Pension reform remains a critical fiscal policy challenge for advanced and emerging market economies. Despite reform efforts in these economies – which have focused on raising retirement ages and reducing benefits – spending is expected to rise as a share of GDP over the medium-term (EC 2012, Merola and Sutherland 2013).
Pension reform and equity
Benedict Clements, Csaba Feher, Sanjeev Gupta, 17 July 2014
How to address inequality
Jeffrey Frankel, 29 April 2014
Inequality has received a lot of attention lately, particularly in two arenas where it had not previously received as much: American public debate and the International Monetary Fund.
Taxing, spending, and inequality – what is to be done?
Benedict Clements, David Coady, Ruud de Mooij, Sanjeev Gupta, 15 April 2014
The causes and consequences of rising inequality have attracted considerable attention, including the recent study by Thomas Piketty (2014). This has also touched off a lively debate on the appropriate policy response to rising disparities in income and wealth (Mankiw 2013, Berg, Ostry, and Tsangarides 2014).
Redistribution, inequality, and sustainable growth: Reconsidering the evidence
Jonathan D Ostry, Andrew Berg, Charalambos Tsangarides, 6 March 2014
Rising income inequality looms high on the global policy agenda, reflecting not only fears of its pernicious social and political effects (including questions about the consistency of extreme inequality with democratic governance), but also its economic implications.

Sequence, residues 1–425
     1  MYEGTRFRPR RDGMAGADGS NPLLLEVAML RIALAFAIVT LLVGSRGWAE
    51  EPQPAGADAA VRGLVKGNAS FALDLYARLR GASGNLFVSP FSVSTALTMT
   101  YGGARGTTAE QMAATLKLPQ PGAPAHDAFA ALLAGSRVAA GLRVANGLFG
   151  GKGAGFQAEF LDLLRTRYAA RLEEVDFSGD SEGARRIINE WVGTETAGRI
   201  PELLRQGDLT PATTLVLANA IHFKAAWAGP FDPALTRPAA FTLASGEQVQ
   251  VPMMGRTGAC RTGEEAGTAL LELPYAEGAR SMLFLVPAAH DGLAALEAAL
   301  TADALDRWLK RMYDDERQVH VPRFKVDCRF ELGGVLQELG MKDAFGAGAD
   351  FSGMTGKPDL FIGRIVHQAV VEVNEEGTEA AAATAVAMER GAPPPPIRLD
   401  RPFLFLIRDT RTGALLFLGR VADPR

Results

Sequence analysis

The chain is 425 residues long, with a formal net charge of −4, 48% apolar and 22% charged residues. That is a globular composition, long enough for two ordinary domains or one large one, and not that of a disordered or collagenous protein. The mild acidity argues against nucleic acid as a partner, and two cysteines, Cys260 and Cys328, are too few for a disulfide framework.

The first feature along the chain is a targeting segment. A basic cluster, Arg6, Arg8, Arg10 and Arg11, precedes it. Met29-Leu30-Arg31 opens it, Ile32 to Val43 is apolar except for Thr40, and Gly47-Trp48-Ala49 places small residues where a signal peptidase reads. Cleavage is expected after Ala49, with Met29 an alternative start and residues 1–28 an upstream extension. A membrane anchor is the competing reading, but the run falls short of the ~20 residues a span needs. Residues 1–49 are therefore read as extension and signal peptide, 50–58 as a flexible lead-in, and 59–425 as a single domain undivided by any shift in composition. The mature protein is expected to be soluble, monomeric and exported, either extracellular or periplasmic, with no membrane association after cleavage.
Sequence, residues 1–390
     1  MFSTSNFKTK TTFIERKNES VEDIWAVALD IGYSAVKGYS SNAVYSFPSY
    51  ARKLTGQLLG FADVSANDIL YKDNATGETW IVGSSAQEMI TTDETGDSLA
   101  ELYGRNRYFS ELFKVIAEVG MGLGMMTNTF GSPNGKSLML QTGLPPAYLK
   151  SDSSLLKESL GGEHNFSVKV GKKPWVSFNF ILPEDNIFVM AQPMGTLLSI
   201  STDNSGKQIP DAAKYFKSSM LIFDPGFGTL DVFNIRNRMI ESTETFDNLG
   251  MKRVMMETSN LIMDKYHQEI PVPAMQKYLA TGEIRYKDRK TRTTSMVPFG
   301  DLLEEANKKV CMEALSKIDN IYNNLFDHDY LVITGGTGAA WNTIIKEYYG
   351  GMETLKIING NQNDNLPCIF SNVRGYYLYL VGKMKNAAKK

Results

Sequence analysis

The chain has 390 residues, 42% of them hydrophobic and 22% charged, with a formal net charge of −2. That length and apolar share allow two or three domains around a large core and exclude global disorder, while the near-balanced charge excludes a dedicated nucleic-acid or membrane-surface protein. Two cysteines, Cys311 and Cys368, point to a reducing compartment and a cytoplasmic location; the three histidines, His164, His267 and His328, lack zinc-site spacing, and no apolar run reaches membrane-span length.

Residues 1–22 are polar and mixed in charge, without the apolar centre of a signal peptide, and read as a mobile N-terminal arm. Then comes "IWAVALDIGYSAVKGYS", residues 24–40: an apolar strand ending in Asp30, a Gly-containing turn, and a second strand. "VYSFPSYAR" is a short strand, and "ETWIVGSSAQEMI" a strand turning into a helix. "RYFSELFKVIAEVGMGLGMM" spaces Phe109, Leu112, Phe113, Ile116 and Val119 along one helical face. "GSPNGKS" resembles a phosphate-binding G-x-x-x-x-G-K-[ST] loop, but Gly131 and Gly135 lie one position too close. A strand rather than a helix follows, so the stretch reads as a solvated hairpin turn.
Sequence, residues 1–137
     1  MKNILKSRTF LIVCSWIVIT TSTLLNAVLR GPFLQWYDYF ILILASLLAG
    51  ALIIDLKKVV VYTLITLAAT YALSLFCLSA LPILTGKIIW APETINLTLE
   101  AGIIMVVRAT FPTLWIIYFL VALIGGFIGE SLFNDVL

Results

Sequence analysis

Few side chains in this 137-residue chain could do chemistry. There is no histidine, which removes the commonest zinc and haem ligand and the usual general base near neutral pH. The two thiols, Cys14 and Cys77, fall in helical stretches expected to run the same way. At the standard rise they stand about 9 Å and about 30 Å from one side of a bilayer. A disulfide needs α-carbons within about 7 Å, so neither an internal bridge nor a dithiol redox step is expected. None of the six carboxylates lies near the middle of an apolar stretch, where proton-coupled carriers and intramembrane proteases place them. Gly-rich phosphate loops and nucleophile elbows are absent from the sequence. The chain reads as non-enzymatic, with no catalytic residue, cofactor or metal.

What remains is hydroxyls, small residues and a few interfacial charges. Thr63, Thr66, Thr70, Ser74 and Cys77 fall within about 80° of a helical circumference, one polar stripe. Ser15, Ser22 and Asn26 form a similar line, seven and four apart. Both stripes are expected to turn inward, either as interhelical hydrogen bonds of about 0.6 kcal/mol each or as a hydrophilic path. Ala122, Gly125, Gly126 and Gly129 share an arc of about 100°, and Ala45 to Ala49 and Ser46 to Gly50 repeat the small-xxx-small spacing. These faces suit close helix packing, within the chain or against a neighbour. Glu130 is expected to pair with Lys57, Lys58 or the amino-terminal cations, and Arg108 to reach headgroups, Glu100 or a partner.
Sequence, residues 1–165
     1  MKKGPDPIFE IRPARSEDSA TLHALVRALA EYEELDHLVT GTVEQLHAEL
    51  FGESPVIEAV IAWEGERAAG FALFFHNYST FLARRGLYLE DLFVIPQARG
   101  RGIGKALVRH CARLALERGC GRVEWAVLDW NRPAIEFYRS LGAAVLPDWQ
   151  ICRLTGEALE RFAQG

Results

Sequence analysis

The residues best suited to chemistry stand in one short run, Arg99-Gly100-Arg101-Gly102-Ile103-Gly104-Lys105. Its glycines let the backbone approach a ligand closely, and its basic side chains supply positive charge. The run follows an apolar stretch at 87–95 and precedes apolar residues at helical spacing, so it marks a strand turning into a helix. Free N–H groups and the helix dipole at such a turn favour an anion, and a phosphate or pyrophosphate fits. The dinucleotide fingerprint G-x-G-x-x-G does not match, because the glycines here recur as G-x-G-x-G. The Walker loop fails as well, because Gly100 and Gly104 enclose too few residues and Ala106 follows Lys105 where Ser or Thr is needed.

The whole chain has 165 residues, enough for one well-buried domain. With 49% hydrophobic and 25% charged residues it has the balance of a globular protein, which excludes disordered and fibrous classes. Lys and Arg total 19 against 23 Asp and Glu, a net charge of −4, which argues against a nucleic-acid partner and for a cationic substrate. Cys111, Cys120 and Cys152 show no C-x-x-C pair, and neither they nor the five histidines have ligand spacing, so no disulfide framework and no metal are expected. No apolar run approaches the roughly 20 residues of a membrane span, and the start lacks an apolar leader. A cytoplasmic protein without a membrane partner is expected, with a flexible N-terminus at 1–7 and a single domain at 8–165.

Can democracy help with inequality?
Daron Acemoglu, Suresh Naidu, Pascual Restrepo, James A Robinson, 7 February 2014
There is a great deal of concern at the moment about the consequences of rising levels of inequality in North America and Western Europe. Will this lead to an oligarchisation of the political system, and imperil political and social stability? Many find such dynamics puzzling given that it is happening in democratic countries.
Preferences for redistribution: The crisis, reduced inequality, and soak-the-rich populism
Alberto Alesina, Paola Giuliano, 23 April 2009
The current financial crisis will reduce income and wealth inequality. The rich who heavily invested in financial and stock markets have lost much more than the less wealthy. The relatively poor “young” may face the sale of the century.
Finance, redistribution, globalisation
Giuseppe Bertola, Anna Lo Prete, 3 December 2008
The current global financial crisis highlights the vexed issues of what role national governments should and do play in an internationally integrated economic system.
Spend it like Beckham? Inequality and redistribution in the UK, 1983-2004
Andreas Georgiadis, Alan Manning, 5 January 2008
"I warn you that there are going to be howls of anguish from those rich enough to pay over 75% on their last slice of earnings", a gleeful Denis Healey, Labour Party Shadow Chancellor, 1973.
- A tale of two depressions: What do the new data tell us? February 2010 updateEichengreen, O’Rourke
- Educated in America: College graduates and high school dropoutsHeckman, LaFontaine
- Eurozone breakup would trigger the mother of all financial crisesEichengreen
- Panic-driven austerity in the Eurozone and its implicationsDe Grauwe, Ji
- Debt, deleveraging, and the liquidity trap: A new modelKrugman
Cadot, de Melo, 16 June 2014
Atkinson, Casarico, Voitchovsky
CEPR Business Cycle Dating Committee
CEPR Policy Research
- The buyer margins of firms' exportsCarballo, Ottaviano, Volpe
- Commodity and Equity Markets: Some Stylized Facts from a Copula ApproachDelatte, Lopez
- Ethnic Unemployment Rates and Frictional MarketsGobillon, Rupert, Wasmer
- Finance and Poverty: Evidence from IndiaAyyagari, Beck, Hoseini
- The Manipulation of Basel Risk-WeightsMariathasan, Merrouche